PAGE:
To control for the effect of possible Bt protein degradation within the lab assay, a ‘field-plus-lab assay’ method was also employed. This method used field-collected ears containing naturally occurring early-stage larvae (3rd to 4th instars) of H. zea. Previous field studies have shown that natural occurrence of H. zea on refuge ears in RIB plantings was not affected by Bt protein contamination at the early larval stages (e.g. 3rd–4th instars) . This result led to the use of a field-plus-lab assay method to shorten the necessary laboratory assay duration so that the effect, if any, of Bt protein degradation in detached ears on the results could be minimized. Results of the field-plus-lab assay showed that at the time when ears were collected from field plants there were no significant differences in number of larvae per ear or larval development between pure non-Bt and RIB plantings (Figure 3). However, over time, the number of live H. zea on refuge ears decreased significantly and larval development on refuge ears was delayed significantly compared with the larvae on pure non-Bt maize ears. For example, at 10 d after ears detached from plants, the number of live larvae on refuge ears was reduced by 54.2% and larval development delayed by 1.5-instar compared to pure non-Bt maize ears. Ultimately, the Bt protein contamination reduced pupation by 75.0%, pupal mass by 22.7%, and moth emergence rate by 80.5% (Figure 3, Table S5). Results of the field-plus-lab assay validated that the 5∶95% RIB will be not effective in providing refuge populations for H. zea.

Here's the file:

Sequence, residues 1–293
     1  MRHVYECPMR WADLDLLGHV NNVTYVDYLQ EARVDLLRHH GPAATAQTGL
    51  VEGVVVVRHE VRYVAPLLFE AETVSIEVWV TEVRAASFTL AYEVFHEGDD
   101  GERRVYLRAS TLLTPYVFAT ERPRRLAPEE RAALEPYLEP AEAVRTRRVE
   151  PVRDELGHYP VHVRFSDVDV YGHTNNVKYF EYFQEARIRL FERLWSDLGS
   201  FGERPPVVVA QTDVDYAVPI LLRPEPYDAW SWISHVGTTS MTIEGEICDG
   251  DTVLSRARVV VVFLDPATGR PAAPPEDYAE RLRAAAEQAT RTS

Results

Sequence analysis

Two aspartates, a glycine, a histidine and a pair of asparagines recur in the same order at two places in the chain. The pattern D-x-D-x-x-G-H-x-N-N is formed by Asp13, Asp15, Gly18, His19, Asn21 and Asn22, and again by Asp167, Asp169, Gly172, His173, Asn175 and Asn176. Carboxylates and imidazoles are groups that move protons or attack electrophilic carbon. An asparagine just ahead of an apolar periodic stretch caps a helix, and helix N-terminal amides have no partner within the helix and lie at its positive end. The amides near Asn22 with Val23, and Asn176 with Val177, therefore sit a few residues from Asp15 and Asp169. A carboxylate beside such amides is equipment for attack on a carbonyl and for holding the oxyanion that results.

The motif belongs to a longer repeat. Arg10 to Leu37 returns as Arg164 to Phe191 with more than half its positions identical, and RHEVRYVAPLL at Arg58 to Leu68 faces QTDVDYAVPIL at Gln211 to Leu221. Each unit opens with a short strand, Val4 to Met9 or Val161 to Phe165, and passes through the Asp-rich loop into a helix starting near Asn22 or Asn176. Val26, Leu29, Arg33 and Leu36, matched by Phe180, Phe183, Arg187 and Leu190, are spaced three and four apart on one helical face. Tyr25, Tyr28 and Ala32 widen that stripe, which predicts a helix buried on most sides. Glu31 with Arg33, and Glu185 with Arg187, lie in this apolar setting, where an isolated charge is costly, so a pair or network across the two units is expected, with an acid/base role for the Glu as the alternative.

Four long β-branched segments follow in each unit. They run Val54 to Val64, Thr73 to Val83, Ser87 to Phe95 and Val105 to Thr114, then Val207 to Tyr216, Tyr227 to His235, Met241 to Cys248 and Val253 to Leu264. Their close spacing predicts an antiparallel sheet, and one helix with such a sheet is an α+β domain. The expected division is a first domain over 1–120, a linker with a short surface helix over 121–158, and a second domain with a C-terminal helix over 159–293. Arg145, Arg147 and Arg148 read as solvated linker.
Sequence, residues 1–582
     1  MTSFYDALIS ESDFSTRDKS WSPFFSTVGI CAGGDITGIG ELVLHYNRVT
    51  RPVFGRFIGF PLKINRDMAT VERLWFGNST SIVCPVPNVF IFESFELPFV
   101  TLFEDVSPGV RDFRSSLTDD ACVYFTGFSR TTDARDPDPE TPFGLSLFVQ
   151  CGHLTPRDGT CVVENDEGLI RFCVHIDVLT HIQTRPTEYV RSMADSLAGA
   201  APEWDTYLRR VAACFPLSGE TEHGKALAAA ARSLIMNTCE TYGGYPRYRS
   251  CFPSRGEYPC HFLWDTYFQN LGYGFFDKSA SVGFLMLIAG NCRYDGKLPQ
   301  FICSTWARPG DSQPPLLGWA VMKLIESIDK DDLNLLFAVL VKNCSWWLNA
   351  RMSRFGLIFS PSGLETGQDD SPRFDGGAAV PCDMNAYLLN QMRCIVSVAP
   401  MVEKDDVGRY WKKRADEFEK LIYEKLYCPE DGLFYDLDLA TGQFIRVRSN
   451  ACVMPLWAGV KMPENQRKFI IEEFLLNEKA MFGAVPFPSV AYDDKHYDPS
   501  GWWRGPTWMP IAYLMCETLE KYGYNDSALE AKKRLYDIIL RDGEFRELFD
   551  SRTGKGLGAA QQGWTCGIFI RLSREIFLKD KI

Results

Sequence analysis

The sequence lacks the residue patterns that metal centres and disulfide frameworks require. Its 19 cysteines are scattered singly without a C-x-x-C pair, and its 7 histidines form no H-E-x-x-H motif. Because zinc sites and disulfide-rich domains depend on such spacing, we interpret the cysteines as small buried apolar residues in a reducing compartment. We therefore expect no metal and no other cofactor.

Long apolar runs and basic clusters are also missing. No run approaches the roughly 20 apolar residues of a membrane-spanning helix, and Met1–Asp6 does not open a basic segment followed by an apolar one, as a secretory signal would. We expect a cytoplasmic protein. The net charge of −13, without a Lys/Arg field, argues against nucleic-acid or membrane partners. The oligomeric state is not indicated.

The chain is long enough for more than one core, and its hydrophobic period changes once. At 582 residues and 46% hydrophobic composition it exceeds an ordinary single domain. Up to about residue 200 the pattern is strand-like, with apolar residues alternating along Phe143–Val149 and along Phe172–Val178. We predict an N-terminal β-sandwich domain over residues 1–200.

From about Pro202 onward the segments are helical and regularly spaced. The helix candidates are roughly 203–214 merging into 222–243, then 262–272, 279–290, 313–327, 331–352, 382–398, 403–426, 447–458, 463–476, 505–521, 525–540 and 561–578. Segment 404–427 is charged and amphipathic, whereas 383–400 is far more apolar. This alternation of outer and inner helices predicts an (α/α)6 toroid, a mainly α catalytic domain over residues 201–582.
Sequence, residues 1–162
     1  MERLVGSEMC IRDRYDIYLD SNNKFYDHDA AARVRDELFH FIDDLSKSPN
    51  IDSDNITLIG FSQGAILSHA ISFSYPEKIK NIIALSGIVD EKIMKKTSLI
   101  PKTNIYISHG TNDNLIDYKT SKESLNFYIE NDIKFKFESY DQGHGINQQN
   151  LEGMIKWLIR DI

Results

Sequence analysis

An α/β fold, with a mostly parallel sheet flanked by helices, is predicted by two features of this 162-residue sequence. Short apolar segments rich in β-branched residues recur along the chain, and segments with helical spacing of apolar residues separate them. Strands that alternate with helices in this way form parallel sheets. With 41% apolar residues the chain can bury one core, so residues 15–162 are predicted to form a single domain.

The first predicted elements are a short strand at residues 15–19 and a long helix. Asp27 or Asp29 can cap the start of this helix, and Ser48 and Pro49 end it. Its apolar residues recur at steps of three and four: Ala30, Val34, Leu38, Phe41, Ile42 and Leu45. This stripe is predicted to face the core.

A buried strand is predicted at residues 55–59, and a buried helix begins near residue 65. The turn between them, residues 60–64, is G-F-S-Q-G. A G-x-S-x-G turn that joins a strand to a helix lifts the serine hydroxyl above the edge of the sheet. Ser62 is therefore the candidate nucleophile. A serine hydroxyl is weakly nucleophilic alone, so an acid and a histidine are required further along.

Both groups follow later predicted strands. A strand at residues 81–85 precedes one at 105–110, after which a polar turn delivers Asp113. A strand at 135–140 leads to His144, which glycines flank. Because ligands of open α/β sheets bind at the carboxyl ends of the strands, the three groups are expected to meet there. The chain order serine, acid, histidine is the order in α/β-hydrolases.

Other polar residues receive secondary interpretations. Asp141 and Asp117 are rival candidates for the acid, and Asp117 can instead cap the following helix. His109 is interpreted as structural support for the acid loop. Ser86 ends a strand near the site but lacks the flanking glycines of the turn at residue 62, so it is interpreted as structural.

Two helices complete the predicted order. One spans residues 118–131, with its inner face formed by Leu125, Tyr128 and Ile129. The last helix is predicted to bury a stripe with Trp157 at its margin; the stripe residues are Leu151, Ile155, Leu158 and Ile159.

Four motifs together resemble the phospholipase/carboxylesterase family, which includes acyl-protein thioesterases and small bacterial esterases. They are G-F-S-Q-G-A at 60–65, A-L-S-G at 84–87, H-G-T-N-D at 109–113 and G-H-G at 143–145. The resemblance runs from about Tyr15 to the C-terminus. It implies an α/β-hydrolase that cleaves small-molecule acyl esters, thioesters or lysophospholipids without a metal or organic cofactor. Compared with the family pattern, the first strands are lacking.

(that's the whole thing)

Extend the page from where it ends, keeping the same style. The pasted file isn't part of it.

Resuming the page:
Previous reports indicated that Bt proteins could decrease with time in excised leaf tissue of cotton and maize, but the biological activity was maintained for at least several days –. We expected that the biological activity in detached maize ears should be maintained much longer than in detached leaf tissue because maize ears can be preserved considerably longer than leaf tissue. The similar results observed across the in-field observations, lab assays, and field-plus-lab assays suggest that the protocols used in the current study were appropriate. Nevertheless, if Bt degradation after ears are detached is significant, the effect of cross-pollination of intact plants on insect populations could be greater than that observed in this study. In addition, reproduction of many lepidopteran species is proportional to the nutrient reserves acquired during larval stages and is correlated with pupal weight . Thus, the reduced pupal weight plus delayed development of H. zea feeding on refuge ears suggest that the cross-pollination could have additional effects on the adult reproduction.
Another concern with RIB plantings is that larval movement among Bt and non-Bt plants may hasten resistance evolution , , –. Larval movement among Bt and non-Bt plants could create sub-lethal exposure and promote build-up of resistance in target pest populations by increasing survival of the resistant heterozygotes or individuals carrying minor resistance alleles . This could be true for both stalk borers and ear-feeders. Unfortunately, field data quantifying such effects are not available. Movement of susceptible larvae from non-Bt refuge plants to Bt plants in RIB plantings could also cause greater mortality to a susceptible population than in a structured refuge planting and result in a lower refuge population . However, a recent study showed that the number of Bt-susceptible larvae of the sugarcane borer, Diatraea saccharalis (F.), a major target of Bt maize in the mid-southern U.S., on the refuge plants in a RIB planting was not reduced compared to the pure stand of non-Bt maize . In addition, the delayed development and reduced pupal masses of the limited survivors of H. zea on the ears of refuge plants observed in the current study also suggest that even those larvae that stay and survive on the refuge plants without interplant movements can be affected by sublethal doses in RIB plantings.